Xbox Game Pass Just Quietly Released the Best Detective Game of the Decade

Xbox Game Pass Just Quietly Released the Best Detective Game of the Decade

If you want a game that makes you feel very smart and very stupid at the same time, it’s hard to do better than The Case of the Golden Idol. Murder mysteries have been popular in fiction for well over a century, but for as long as video games have existed, they’ve been a bit lacking when it comes to detective work. In 2022, The Case of the Golden Idol showed us what we were missing with a twist on the classic detective narrative that challenges players to play crime scene investigator and solve a series of murders frozen in time. If you haven’t cracked the case yourself yet, it’s now available to play on Xbox Game Pass.

The Case of the Golden Idol revolves around a series of killings all tied to a creepy statue — the Golden Idol. Rather than tracking down suspects and interviewing witnesses, all you have to solve each case is a static image showing the moment they occurred. The first is simple enough: a man has been pushed off a cliff and you need to figure out who did it. But later cases involve cults, conspiracies, poisonings, and all manner of other juicy fodder for a mystery tale.

Anything could be the clue that solves a crime in The Case of the Golden Idol.


Your first move in The Case of the Golden Idol is always to observe. Whether you’re looking at a cliffside or an elaborate manor, you’re free to take all the time you need to examine the crime scene. Rendered in a grotesque lo-fi style, each is packed with detail. Everything from the facial expressions of bystanders to scraps of paper on a nearby desk could be crucial to solving the case. As the murders grow in complexity, so too do the clues you’re asked to collect. Just like this year’s Lorelei and the Laser Eyes, The Case of the Golden Idol is a game best played with a notebook close at hand to keep track of it all.

Once you’ve pored over the details of a crime scene, it’s time to put the pieces back together. Everything you find in the investigation phase, whether it’s a list of names, a pool of blood, or the last words of the victim, is tied to a word that gets added to your crime-solving arsenal. Those all come into play to help you put your thoughts in order and solve the case.

Piecing together a crime from scratch is extremely satisfying.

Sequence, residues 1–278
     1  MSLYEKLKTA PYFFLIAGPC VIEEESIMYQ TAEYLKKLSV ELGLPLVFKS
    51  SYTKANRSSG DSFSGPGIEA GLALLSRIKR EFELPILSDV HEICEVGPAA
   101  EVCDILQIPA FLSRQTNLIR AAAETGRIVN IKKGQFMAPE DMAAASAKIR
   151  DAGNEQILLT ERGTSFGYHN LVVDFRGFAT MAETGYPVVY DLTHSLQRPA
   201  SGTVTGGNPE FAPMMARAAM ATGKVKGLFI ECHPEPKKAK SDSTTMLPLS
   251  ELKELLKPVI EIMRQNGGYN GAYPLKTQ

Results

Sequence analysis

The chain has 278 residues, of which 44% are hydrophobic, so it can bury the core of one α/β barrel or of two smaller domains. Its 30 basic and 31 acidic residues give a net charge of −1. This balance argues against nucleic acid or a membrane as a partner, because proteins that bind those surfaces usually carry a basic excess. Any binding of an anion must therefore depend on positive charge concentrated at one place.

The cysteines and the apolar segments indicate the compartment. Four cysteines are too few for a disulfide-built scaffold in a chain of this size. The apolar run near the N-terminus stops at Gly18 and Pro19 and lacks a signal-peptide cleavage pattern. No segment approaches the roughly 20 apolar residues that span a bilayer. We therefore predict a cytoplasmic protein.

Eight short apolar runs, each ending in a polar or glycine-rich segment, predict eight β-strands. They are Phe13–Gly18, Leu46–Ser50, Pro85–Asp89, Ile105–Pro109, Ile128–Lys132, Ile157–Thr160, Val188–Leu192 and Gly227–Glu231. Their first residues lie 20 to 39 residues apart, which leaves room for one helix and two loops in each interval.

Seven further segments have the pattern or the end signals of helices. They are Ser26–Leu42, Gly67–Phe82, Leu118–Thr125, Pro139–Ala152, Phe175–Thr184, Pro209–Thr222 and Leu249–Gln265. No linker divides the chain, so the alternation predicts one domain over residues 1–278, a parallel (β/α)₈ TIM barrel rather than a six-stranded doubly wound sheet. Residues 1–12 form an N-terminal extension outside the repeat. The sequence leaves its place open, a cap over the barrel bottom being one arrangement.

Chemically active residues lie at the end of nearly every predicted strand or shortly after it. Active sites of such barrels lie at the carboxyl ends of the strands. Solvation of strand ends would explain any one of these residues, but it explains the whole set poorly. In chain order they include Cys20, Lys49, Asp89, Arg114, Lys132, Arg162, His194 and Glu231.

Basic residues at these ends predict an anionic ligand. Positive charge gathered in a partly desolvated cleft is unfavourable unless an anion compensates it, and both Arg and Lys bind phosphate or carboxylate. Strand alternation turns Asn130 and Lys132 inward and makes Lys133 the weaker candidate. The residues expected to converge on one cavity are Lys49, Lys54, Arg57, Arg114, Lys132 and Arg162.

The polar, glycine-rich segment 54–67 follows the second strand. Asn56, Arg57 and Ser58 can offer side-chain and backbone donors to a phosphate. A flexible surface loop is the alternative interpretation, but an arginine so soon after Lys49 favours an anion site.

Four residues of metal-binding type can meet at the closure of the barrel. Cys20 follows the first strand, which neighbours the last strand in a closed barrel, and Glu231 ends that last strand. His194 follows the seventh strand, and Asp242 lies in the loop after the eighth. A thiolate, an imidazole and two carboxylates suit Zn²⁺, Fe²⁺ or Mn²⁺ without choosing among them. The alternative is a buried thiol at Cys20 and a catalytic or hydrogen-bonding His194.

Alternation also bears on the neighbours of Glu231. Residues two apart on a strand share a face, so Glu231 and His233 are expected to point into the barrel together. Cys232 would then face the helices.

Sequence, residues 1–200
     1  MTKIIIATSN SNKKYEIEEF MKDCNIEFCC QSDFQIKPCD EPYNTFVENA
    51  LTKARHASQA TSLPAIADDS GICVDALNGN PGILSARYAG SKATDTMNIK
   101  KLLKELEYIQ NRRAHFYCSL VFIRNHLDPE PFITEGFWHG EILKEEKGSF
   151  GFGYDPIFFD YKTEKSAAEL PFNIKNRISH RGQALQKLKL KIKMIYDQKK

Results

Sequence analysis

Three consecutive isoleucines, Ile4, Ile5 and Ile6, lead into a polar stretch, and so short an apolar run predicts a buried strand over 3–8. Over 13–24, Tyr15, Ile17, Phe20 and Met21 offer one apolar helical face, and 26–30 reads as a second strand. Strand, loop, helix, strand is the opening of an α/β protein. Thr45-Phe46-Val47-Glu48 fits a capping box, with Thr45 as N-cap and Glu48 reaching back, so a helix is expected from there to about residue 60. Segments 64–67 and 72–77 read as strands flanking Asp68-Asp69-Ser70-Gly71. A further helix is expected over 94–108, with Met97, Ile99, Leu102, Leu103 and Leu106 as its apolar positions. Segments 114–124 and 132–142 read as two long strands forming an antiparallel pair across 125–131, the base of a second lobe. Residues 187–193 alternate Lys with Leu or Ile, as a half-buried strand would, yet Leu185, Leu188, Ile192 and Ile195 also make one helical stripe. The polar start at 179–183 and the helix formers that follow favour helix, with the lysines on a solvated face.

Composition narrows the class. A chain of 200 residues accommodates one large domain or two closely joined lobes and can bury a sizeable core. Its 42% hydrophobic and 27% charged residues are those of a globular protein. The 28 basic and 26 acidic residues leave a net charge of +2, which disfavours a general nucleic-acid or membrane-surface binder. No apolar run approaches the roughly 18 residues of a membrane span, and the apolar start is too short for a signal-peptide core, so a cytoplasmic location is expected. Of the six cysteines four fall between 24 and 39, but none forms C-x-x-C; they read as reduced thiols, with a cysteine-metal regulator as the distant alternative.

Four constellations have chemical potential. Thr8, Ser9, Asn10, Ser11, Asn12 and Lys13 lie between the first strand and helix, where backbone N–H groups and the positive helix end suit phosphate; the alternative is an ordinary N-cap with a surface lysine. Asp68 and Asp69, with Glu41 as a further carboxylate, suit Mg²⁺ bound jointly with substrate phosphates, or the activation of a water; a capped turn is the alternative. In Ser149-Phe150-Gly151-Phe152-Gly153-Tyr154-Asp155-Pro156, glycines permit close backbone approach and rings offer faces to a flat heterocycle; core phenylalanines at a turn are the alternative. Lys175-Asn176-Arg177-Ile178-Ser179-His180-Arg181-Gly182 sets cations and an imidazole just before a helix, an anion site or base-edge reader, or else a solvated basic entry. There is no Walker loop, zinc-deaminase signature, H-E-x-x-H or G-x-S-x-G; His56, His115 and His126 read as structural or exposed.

When you’re ready, you turn to your trusty in-game notebook to put the pieces together. The conclusion to each case is written out there, with blanks for any information you haven’t quite figured out yet. “[Blank] got into [Blank]’s room through the [Blank],” for example. It’s a system that calls to mind the equally excellent Return of the Obra Dinn, which asks players to identify a ship’s passengers and their fates in a similar notebook based on environmental clues. The same system appears in a simplified way in this year’s Duck Detective, so if you enjoyed that silly caper and want to level up to a more challenging version, you’re in good hands here.

The Case of the Golden Idol is a game that asks players to work for their victories, which makes it all the more satisfying to achieve them. In many games, solving a mystery simply means being led to clues and watching as your character puts them together, but The Case of the Golden Idol is the rare game that actually makes you feel like a detective. There’s no one there to help you if you’re stuck, but that also means the credit is all yours when you finally cut through the noise to piece together what really happened.

The road to solving each case is full of frustrations, and if you’re like me, that means a lot of questioning whether you have what it takes to make it through. But the reward for pushing is a sense of satisfaction that few other games can even approach when you finally reach the “Aha!” moment at the end.

The Case of the Golden Idol is available on PC, Nintendo Switch, and Xbox. It’s included with Xbox Game Pass.

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